In a recent interview with Parade
magazine, Brad Pitt explains why he no longer embraces Christianity. It turns out that he was raised as a Southern Baptist, but when he got to college he came upon some stumbling blocks that led him to cast aside his faith altogether. He describes his current feelings on “religion” in this way:
“Guilt is the thing I find most evil about it. It’s the thing I rail against the most. . . Religion works. I know there’s comfort there, a crash pad. It’s something to explain the world and tell you there is something bigger than you, and it is going to be alright in the end. It works because it’s comforting. I grew up believing in it, and it worked for me in whatever my little personal high school crisis was, but it didn’t last for me. I didn’t understand this idea of a God who says, ‘You have to acknowledge me. You have to say that I’m the best, and then I’ll give you eternal happiness. If you won’t, then you don’t get it!’ It seemed to be about ego. I can’t see God operating from ego, so it made no sense to me.”
Let me say first of all that I think that Pitt raises some valid questions and that they deserve a serious answer. But I would also offer the following disclaimer. If I were to sit and talk with Brad Pitt and to hear his whole story, I’m sure that there would be much more to his journey than what comes out in this short interview. I have to assume that he is only giving a glimpse into some of his feelings about Christianity. So I’m not going to presume to speak as if I know Brad Pitt or as if I can speak definitively to all of the exceptions he takes with Christianity. Nevertheless, I would like to address the two stumbling blocks that Pitt mentions here and to argue that they need not be stumbling blocks to anyone who might be considering the claims of the Christian gospel.
Pitt says that two of his objections to Christianity are (1) that it promotes guilt and (2) that it portrays God as egocentric. There is a real irony about the first objection because it says that Christianity promotes the very thing that Christ in fact came to removeâ€”the guilt that comes from sin. Jesus himself says that is why he came into the world in the first place, “For God did not send the Son into the world to judge the world, but that the world should be saved through Him” (John 3:17). In other words, Jesus’ redemptive work is not about heaping more guilt upon sinners because of their sin. It’s about removing their guilt and putting it on Jesus instead. This removal of guilt is possible through Christ’s sacrificial death on the cross for sinners. As the apostle Paul writes, “God made him who had no sin to be sin for us, so that in him we might become the righteousness of God” (2 Corinthians 5:21). The only guilt involved with becoming a Christian is acknowledging that you have it so that King Jesus can remove it.
The second objection is not a new one. As a matter of fact, C. S. Lewis also stumbled over the apparent “egotism” of God when he read the Psalms. When Lewis read of God calling His people to worship Him, it made God look like an old woman seeking compliments. But then Lewis had a breakthrough:
“My whole, more general, difficulty about the praise of God depended on my absurdly denying to us, as regards the supremely Valuable, what we delight to do, what indeed we can’t help doing, about everything else we value. I think we delight to praise what we enjoy because the praise not merely expresses but completes the enjoyment; it is its appointed consummation” (C. S. Lewis, Reflections on the Psalms [New York: Harcourt, Brace and World, 1958, pp. 93-95]).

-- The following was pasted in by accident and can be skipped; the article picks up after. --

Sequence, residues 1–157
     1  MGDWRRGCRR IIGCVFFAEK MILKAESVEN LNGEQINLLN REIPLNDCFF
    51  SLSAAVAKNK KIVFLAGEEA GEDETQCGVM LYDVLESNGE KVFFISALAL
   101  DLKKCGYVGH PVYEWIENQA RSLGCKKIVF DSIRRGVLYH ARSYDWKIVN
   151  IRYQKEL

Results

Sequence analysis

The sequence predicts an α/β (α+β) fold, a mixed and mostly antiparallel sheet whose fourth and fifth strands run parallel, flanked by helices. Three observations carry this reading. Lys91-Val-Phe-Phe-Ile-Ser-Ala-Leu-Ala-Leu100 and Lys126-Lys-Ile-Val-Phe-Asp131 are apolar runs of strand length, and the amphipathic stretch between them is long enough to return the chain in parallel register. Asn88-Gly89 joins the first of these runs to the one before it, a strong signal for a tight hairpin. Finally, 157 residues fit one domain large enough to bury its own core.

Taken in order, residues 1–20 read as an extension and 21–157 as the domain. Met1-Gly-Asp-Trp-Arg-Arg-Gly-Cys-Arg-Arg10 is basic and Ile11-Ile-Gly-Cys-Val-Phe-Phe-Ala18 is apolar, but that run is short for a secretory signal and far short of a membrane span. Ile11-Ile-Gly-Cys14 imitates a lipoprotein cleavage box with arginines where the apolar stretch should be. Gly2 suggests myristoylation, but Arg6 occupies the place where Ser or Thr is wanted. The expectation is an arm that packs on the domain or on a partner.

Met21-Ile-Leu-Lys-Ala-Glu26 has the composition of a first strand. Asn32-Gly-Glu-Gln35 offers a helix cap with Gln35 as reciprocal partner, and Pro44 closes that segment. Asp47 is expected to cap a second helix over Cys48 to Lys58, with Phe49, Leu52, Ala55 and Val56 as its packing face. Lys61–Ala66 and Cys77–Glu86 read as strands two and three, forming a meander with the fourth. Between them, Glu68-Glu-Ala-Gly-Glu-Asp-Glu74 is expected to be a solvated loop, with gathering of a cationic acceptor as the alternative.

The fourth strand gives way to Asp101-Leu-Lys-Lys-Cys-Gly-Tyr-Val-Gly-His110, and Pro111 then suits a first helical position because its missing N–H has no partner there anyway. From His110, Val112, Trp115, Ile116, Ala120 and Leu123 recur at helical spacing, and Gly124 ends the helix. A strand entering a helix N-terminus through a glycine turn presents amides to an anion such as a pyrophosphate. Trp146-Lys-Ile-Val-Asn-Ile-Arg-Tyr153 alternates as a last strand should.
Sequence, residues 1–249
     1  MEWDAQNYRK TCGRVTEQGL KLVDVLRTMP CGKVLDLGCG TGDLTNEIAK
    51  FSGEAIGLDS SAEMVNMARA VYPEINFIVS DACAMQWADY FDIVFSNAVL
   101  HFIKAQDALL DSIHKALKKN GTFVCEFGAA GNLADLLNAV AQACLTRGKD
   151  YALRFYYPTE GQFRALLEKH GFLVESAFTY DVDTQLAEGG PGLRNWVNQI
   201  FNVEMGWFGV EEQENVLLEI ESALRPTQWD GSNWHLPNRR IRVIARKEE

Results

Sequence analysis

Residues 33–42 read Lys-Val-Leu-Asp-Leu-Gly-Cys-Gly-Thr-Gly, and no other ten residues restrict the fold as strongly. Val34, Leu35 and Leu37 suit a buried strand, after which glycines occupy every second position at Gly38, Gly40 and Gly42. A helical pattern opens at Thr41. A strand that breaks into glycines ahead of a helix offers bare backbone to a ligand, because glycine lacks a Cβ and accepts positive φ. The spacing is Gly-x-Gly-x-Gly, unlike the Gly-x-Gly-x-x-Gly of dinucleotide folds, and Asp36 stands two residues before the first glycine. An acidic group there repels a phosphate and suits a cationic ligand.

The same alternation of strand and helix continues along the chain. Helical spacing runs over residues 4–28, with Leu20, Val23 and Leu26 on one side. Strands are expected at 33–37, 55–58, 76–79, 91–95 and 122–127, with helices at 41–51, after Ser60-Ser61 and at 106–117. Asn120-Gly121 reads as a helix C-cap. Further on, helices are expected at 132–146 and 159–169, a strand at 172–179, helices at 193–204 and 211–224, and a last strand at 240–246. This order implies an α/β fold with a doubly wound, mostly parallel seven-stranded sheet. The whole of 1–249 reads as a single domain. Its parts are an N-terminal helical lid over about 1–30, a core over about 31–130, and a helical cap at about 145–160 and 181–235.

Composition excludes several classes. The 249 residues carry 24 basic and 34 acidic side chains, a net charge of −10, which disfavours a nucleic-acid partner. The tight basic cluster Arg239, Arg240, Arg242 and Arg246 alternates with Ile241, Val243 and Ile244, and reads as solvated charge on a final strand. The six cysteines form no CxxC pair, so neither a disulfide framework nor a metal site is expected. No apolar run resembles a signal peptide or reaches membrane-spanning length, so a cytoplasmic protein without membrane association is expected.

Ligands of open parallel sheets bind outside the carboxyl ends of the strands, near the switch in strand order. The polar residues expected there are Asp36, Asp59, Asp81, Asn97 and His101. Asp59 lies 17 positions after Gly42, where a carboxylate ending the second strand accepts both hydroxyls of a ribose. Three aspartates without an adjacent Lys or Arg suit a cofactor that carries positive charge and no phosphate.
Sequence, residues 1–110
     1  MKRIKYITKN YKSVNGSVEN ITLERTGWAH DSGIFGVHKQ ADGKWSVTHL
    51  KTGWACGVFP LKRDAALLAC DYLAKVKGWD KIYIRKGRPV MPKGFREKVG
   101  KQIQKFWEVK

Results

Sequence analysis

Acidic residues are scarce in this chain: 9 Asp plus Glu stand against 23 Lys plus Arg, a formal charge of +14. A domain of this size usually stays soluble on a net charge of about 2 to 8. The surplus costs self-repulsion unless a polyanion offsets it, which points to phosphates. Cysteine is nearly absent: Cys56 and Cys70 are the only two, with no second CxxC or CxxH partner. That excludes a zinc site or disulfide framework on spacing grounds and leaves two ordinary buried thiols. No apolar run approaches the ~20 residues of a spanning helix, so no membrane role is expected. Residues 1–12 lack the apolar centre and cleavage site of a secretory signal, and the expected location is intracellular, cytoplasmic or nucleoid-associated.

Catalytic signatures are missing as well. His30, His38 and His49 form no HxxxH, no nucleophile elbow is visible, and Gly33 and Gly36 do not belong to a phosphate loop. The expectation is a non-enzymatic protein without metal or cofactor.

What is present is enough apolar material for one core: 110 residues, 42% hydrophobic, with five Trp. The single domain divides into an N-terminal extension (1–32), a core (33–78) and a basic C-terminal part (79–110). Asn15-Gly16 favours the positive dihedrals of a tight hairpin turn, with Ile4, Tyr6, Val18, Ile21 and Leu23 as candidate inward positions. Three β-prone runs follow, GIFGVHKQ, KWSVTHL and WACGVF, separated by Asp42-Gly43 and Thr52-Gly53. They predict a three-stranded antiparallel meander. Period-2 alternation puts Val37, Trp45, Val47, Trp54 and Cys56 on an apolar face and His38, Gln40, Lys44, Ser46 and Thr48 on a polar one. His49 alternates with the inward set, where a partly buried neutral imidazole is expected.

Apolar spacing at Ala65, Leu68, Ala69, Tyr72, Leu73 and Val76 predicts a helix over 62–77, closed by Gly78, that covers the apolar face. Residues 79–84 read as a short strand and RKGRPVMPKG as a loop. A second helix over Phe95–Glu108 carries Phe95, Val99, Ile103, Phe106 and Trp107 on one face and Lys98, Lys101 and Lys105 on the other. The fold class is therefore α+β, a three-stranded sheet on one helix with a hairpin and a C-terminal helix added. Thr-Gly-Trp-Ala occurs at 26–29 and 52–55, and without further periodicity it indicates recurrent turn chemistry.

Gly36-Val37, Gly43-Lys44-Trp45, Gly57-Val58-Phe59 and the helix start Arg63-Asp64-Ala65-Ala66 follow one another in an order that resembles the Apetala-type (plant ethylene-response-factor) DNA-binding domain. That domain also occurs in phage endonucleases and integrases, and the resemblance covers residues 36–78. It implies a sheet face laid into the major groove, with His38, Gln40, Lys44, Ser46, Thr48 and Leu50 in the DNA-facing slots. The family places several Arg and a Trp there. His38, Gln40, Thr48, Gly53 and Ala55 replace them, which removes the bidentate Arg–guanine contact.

In other words, if God is truly who He claims to be (that is, the First and Best of beings), it is not unloving for Him to call His creatures to worship Him. In reality, it’s the consummation of human joy to call them to express their love for their Redeemer. So the stumbling block that people have is not so much with the fact that God calls for His creatures to worship Him. The stumbling block is that sinners often do not see God as intrinsically worthy of the worship that He calls for. That is what Jesus faced when the Jewish leaders rejected Him. They did not see the worth of the King who stood in their presence. That is why Jesus said,
“The kingdom of heaven is like a treasure hidden in the field, which a man found and hid; and from joy over it he goes and sells all that he has, and buys that field” (Matthew 13:41).
In other words, the Kingdom (including its King!) is a treasure. But people by and large are blind to the immense value of this treasure. The difference between the Christian and the non-Christian is that the former has his eyes opened to see the immeasurable worth of Christâ€”to know that it would be worth giving away all that he has (including his life) in order to have Christ. The Christian will lose everything joyfully in order to have Christ because He is a greater treasure.
For those who are considering Christianity and who are stumbling over the fact that God calls on His creatures to render worship to Him, would you consider the possibility that perhaps God is commanding something that no fallible creature could ever command? If a fallible creature called on others to worship him, that would be the essence of pride, arrogance, and sin. But God is not like His fallible creatures in this respect. God is the first and best of beingsâ€”infinitely holy, infinitely true to His promises, infinitely loving towards sinners, infinitely sacrificial in the death of His Son, infinitely just in the cross and resurrection and in His promise that he will one day make all things new. It is not arrogance for God to call us to worship and to know Him. It is the essence of love to invite others to come into the infinite joy of knowing so great a God.
Would that God might remove the stumbling blocks and the blinders that prevent people from being drawn into the joy of knowing Christ.